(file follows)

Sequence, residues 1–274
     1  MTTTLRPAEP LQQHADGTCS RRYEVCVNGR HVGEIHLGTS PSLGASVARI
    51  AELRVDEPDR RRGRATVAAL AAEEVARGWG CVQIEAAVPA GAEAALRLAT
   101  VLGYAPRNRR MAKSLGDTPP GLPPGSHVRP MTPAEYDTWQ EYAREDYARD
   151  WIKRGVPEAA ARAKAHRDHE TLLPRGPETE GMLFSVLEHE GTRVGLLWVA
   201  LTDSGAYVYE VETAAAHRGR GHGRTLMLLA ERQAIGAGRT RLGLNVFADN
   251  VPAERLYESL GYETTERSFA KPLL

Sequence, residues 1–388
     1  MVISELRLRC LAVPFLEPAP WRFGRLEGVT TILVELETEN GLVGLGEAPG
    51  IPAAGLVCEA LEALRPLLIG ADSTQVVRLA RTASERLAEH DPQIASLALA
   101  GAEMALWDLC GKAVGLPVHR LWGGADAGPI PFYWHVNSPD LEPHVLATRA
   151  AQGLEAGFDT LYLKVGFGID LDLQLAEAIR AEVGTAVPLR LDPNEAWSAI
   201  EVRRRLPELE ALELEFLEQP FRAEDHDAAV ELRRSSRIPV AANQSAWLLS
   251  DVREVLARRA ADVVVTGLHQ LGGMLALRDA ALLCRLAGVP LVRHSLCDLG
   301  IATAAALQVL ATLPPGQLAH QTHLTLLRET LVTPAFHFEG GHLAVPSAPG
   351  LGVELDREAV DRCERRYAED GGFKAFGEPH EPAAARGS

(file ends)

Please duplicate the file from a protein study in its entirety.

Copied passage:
Sequence, residues 1–274
     1  MTTTLRPAEP LQQHADGTCS RRYEVCVNGR HVGEIHLGTS PSLGASVARI
    51  AELRVDEPDR RRGRATVAAL AAEEVARGWG CVQIEAAVPA GAEAALRLAT
   101  VLGYAPRNRR MAKSLGDTPP GLPPGSHVRP MTPAEYDTWQ EYAREDYARD
   151  WIKRGVPEAA ARAKAHRDHE TLLPRGPETE GMLFSVLEHE GTRVGLLWVA
   201  LTDSGAYVYE VETAAAHRGR GHGRTLMLLA ERQAIGAGRT RLGLNVFADN
   251  VPAERLYESL GYETTERSFA KPLL

Sequence, residues 1–388
     1  MVISELRLRC LAVPFLEPAP WRFGRLEGVT TILVELETEN GLVGLGEAPG
    51  IPAAGLVCEA LEALRPLLIG ADSTQVVRLA RTASERLAEH DPQIASLALA
   101  GAEMALWDLC GKAVGLPVHR LWGGADAGPI PFYWHVNSPD LEPHVLATRA
   151  AQGLEAGFDT LYLKVGFGID LDLQLAEAIR AEVGTAVPLR LDPNEAWSAI
   201  EVRRRLPELE ALELEFLEQP FRAEDHDAAV ELRRSSRIPV AANQSAWLLS
   251  DVREVLARRA ADVVVTGLHQ LGGMLALRDA ALLCRLAGVP LVRHSLCDLG
   301  IATAAALQVL ATLPPGQLAH QTHLTLLRET LVTPAFHFEG GHLAVPSAPG
   351  LGVELDREAV DRCERRYAED GGFKAFGEPH EPAAARGS